- Management agreements: Where management services are provided by a non-Canadian, the Agency recommends that an independent contractor (as opposed to an employee of another carrier) be used. Payment should be based on services rendered and any incentive bonus should be comparatively small. The Board of Directors should retain authority over major decisions and should have the ability to terminate the management agreement.
- Operational or service agreements: Such agreements may affect control in fact if the service provider makes major operational decisions or is paid on a contingency fee basis.
In addition to the Interpretation Notes, there are also other changes pending which will impact the issue of foreign ownership. In 2009, Canada introduced a proposed change which would allow for an increase in the amount of voting interests owned and controlled by non-Canadians to a percentage not exceeding 49 per cent. This proposed change was made in response to the Comprehensive Canada-European Union Air Transport Agreement, which came into effect that year. The Agreement provides for phased market opening and increasing degrees of foreign ownership. Ultimately, the Agreement contemplates that EU and Canadian carriers will be granted full rights to operate between, within and beyond both markets, including between points in the territory of the other party (known as cabotage). These rights will be granted once both sides complete the necessary steps to allow the full ownership and control of their carriers by the other's nationals.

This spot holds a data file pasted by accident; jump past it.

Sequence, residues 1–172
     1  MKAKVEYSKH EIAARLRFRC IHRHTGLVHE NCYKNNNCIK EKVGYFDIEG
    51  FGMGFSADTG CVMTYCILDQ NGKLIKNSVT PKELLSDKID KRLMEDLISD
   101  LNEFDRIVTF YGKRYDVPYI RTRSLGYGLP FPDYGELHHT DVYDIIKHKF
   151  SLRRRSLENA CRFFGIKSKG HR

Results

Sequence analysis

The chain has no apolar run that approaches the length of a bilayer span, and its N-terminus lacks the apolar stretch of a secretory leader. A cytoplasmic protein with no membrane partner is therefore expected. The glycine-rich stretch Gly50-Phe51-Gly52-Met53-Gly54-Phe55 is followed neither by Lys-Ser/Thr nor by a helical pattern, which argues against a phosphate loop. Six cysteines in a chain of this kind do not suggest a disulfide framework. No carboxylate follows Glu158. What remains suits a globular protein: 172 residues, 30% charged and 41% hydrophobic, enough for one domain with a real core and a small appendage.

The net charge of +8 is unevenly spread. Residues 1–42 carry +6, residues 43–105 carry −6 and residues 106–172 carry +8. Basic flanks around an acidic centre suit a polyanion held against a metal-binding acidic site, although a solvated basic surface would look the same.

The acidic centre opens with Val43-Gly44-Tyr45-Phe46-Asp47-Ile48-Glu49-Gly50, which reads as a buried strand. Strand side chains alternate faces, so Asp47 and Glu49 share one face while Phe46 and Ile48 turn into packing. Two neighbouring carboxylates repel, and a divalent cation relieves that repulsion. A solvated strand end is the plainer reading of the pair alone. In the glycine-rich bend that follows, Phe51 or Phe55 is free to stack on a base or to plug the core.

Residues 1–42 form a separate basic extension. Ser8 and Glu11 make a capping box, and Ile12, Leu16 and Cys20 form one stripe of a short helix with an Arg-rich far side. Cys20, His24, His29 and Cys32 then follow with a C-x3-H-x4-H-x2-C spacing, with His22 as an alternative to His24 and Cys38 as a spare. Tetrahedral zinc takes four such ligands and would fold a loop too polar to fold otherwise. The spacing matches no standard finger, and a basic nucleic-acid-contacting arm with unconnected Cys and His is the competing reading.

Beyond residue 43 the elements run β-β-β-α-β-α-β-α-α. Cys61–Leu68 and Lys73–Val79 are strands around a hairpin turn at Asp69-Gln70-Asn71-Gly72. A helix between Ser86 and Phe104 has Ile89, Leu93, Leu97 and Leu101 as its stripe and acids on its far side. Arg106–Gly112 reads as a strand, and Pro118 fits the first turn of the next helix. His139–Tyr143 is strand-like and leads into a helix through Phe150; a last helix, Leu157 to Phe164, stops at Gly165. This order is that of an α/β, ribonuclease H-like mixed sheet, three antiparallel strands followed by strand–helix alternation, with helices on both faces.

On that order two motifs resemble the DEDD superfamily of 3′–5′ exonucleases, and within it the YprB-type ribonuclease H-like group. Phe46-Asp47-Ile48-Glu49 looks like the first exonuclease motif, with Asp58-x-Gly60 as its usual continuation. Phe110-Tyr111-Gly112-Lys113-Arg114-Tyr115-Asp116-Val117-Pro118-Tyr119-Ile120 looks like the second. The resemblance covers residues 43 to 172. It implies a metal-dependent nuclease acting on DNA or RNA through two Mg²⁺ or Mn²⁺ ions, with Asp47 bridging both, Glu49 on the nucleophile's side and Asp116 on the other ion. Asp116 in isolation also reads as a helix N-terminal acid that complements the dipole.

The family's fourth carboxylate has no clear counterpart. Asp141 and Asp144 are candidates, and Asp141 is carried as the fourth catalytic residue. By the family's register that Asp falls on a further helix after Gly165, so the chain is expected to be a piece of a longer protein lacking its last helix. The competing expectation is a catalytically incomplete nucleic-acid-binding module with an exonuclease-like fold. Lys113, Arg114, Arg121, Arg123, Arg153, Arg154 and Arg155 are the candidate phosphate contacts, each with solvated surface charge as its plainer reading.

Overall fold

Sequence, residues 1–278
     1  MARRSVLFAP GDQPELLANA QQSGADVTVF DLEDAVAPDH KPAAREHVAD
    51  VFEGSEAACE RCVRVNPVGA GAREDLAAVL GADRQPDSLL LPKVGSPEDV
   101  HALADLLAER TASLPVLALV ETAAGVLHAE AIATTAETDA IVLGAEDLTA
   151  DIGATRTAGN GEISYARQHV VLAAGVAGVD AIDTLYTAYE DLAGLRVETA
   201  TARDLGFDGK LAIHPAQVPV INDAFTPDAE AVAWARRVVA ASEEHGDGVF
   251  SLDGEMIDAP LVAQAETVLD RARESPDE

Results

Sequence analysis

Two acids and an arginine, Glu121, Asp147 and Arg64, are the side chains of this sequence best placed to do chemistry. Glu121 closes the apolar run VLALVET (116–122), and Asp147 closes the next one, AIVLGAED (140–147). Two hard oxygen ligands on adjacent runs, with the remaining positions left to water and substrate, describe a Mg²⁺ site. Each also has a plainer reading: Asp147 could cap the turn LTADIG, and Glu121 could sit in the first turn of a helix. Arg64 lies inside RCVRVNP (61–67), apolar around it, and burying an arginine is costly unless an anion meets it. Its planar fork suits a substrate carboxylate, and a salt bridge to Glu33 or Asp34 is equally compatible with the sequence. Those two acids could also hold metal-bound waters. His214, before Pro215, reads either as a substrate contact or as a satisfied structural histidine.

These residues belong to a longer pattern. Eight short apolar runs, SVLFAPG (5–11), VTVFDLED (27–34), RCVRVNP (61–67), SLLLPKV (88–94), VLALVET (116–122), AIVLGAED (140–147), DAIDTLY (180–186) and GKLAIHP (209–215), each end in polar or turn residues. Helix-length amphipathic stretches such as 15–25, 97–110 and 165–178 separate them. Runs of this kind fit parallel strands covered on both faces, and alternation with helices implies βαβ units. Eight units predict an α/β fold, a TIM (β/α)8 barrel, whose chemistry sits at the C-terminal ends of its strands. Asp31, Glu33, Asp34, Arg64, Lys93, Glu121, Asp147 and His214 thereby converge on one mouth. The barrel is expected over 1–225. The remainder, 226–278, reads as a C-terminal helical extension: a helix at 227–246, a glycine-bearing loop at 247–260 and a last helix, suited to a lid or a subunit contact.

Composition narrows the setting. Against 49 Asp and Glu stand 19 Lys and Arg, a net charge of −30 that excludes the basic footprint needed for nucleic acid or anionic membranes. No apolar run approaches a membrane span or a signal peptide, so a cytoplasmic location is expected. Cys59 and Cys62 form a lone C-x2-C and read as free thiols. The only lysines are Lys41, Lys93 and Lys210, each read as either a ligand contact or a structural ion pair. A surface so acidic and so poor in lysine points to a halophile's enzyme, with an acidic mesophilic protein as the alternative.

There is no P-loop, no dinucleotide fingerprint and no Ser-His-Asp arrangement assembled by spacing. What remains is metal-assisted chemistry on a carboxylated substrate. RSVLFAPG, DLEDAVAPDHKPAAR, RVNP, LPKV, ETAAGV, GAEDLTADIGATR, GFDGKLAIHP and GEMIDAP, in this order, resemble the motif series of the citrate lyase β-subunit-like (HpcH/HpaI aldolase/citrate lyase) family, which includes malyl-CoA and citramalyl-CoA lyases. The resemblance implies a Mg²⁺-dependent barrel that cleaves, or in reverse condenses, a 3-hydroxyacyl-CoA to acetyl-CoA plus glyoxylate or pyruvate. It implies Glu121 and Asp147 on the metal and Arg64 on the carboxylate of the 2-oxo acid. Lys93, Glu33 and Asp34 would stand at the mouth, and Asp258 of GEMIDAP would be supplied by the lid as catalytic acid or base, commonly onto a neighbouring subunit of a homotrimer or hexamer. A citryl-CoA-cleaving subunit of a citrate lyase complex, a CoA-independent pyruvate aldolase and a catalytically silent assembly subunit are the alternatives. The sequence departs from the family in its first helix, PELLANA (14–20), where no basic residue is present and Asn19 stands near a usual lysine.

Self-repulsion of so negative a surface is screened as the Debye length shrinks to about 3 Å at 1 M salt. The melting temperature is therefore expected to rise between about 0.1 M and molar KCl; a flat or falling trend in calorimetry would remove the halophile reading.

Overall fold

Until such time, and in any event for all non-EU investors, the Interpretation Notes issued by the Agency will provide important guidance to industry about how to structure foreign investment in Canadian air carriers.
The content of this article is intended to provide a general guide to the subject matter. Specialist advice should be sought about your specific circumstances.